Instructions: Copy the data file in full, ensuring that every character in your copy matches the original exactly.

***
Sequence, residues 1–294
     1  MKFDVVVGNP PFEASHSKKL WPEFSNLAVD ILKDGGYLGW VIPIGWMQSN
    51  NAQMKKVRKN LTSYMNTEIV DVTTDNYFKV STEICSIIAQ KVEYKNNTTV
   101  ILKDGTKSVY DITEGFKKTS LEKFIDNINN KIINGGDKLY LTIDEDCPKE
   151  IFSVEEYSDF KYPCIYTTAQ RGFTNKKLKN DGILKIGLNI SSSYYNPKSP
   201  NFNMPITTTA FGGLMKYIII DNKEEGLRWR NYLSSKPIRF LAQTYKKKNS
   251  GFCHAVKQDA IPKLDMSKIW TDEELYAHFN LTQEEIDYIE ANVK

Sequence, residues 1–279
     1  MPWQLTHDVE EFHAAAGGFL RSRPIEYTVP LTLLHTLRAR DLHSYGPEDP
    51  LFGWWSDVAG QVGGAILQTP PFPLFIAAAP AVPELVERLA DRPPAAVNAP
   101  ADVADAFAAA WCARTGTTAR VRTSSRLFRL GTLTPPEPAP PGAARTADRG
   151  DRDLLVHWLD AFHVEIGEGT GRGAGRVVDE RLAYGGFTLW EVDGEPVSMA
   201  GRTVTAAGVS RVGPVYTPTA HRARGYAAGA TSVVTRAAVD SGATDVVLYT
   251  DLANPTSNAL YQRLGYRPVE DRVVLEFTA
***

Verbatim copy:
Sequence, residues 1–294
     1  MKFDVVVGNP PFEASHSKKL WPEFSNLAVD ILKDGGYLGW VIPIGWMQSN
    51  NAQMKKVRKN LTSYMNTEIV DVTTDNYFKV STEICSIIAQ KVEYKNNTTV
   101  ILKDGTKSVY DITEGFKKTS LEKFIDNINN KIINGGDKLY LTIDEDCPKE
   151  IFSVEEYSDF KYPCIYTTAQ RGFTNKKLKN DGILKIGLNI SSSYYNPKSP
   201  NFNMPITTTA FGGLMKYIII DNKEEGLRWR NYLSSKPIRF LAQTYKKKNS
   251  GFCHAVKQDA IPKLDMSKIW TDEELYAHFN LTQEEIDYIE ANVK

Sequence, residues 1–279
     1  MPWQLTHDVE EFHAAAGGFL RSRPIEYTVP LTLLHTLRAR DLHSYGPEDP
    51  LFGWWSDVAG QVGGAILQTP PFPLFIAAAP AVPELVERLA DRPPAAVNAP
   101  ADVADAFAAA WCARTGTTAR VRTSSRLFRL GTLTPPEPAP PGAARTADRG
   151  DRDLLVHWLD AFHVEIGEGT GRGAGRVVDE RLAYGGFTLW EVDGEPVSMA
   201  GRTVTAAGVS RVGPVYTPTA HRARGYAAGA TSVVTRAAVD SGATDVVLYT
   251  DLANPTSNAL YQRLGYRPVE DRVVLEFTA